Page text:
Hokus Pokus is a 1949 short subject directed by Jules White starring American slapstick comedy team The Three Stooges (Moe Howard, Larry Fine and Shemp Howard). It is the 115th entry in the series released by Columbia Pictures starring the comedians, who released 190 shorts for the studio between 1934 and 1959.
The Stooges are three paperhangers who also look after invalid Mary (Mary Ainslee), who always uses a wheelchair. The seemingly helpless blonde, however, is trying to swindle her insurance company out of $25,000, as she is not handicapped in the least. While the Stooges are at work hanging posters, they are taken by one poster that advertises a great hypnotist, Svengarlic ("He'll steal your breath away!" the poster announces). The Stooges want the hypnotist to work his magic on Mary so that she can walk again, but Svengarlic is more interested in winning an audience by hypnotizing the Stooges. Under his spell, they walk out onto a flagpole high on a building and dance. But a distracted bicyclist knocks Svengarlic over and the Stooges are abruptly awakened. They immediately panic when they see where they are, then the flagpole breaks, sending them flying through an open window. The boys land directly in the insurance office where Mary is about to be handed her check. Startled, she stands up to look at the boys, only to have her scheme exposed and her check snatched and torn up. Angry, she grabs the ball from the broken flagpole and throws it at the boys in the heads.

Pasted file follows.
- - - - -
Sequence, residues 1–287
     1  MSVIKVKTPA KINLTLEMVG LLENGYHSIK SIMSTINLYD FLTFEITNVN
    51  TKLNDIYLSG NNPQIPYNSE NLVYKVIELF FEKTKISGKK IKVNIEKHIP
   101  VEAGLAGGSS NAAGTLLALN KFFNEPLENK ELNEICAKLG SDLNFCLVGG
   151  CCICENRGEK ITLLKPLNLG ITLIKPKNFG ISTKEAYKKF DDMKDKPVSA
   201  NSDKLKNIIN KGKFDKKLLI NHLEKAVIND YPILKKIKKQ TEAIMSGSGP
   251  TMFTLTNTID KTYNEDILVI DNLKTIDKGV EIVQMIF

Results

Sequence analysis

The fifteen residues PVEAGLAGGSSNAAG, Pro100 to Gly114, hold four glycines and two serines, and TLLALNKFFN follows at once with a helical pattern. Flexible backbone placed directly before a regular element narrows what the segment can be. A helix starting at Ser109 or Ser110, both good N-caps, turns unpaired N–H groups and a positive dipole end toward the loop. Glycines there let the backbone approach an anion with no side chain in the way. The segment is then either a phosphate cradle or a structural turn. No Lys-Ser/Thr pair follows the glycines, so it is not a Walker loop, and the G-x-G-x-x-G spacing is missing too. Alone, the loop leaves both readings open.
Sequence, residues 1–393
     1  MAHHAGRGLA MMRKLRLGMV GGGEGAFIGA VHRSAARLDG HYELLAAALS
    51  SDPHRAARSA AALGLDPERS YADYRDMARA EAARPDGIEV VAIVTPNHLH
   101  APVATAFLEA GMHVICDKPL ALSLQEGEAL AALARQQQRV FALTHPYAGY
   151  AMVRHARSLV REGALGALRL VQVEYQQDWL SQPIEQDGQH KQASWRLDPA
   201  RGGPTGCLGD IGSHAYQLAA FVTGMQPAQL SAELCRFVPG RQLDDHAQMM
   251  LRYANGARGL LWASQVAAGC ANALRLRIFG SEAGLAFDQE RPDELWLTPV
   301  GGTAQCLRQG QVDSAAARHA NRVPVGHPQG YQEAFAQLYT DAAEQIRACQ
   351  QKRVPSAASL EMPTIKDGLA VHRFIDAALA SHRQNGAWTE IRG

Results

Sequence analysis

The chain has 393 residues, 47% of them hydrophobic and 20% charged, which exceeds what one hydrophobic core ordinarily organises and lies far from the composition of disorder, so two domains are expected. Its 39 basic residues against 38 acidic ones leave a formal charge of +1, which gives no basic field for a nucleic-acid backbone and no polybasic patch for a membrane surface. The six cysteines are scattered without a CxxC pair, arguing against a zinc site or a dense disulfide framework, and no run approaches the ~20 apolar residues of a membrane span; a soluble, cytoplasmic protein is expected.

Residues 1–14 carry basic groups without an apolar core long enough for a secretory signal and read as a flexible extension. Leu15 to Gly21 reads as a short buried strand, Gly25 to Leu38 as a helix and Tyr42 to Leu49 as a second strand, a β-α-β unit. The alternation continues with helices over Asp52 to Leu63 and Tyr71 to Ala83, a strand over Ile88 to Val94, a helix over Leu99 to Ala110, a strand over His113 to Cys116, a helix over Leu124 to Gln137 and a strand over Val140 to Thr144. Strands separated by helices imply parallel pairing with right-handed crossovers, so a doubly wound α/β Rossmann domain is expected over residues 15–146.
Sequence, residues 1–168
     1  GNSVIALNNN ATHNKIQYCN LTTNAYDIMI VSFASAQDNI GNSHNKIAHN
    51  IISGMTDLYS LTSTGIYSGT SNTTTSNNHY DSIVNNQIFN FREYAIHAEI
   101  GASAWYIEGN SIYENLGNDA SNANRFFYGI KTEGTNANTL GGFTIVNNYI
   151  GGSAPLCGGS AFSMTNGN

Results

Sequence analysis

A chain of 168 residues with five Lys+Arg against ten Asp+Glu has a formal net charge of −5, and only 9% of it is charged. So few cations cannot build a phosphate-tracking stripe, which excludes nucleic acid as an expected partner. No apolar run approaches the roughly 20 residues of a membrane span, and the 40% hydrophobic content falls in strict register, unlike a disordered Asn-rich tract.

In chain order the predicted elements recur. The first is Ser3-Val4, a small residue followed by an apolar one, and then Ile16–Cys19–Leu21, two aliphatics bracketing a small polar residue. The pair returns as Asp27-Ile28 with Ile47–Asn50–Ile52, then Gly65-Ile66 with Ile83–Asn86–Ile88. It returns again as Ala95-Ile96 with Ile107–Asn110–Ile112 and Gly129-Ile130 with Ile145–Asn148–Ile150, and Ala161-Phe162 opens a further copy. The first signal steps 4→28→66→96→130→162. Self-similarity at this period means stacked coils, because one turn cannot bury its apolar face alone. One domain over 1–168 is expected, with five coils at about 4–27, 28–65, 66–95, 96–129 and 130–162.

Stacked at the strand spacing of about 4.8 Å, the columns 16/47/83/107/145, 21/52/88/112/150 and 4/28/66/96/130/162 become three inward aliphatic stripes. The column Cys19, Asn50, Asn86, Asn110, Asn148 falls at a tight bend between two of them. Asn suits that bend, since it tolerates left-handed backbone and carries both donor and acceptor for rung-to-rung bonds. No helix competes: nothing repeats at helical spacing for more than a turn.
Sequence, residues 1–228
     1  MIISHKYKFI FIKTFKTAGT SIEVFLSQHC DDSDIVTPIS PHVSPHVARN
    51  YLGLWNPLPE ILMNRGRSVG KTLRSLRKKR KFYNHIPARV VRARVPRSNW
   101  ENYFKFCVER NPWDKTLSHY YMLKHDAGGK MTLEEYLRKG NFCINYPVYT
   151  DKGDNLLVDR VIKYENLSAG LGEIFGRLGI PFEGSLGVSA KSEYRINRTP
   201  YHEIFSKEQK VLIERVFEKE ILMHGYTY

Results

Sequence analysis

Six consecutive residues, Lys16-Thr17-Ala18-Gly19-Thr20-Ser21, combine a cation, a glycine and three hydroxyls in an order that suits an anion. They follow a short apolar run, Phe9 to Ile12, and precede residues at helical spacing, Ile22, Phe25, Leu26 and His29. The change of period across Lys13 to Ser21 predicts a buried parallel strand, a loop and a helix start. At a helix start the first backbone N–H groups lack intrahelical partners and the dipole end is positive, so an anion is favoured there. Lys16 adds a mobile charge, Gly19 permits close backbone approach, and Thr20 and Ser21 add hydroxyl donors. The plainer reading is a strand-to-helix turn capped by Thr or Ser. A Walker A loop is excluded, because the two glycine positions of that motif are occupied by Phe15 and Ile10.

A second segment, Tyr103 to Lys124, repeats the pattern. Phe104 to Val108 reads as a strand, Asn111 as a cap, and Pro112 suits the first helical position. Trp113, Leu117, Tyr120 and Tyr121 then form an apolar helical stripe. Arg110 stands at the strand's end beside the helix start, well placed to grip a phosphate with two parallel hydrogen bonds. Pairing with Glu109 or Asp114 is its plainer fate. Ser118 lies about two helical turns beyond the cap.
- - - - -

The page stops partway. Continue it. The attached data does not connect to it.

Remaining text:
Hokus Pokus was filmed on March 23–26, 1948, and released over 13 months later on May 5, 1949. It was remade as Flagpole Jitters (1956), using ample stock footage. In particular, the two films have different endings: Mary is a fraud here, whereas in the later picture she is actually paraplegic. In the remake Svengarlic is the fraud.
The Stooges make a reference to Sing Sing Correctional Facility, in which Shemp believes he has hypnotized Moe into thinking he is locked up in the infamous prison. The character name 'Svengarlic' is a parody of 'Svengali,' the name of a fictional character in George du Maurier's 1894 novel Trilby.
|Kamera:||Vincent J. Farrar|
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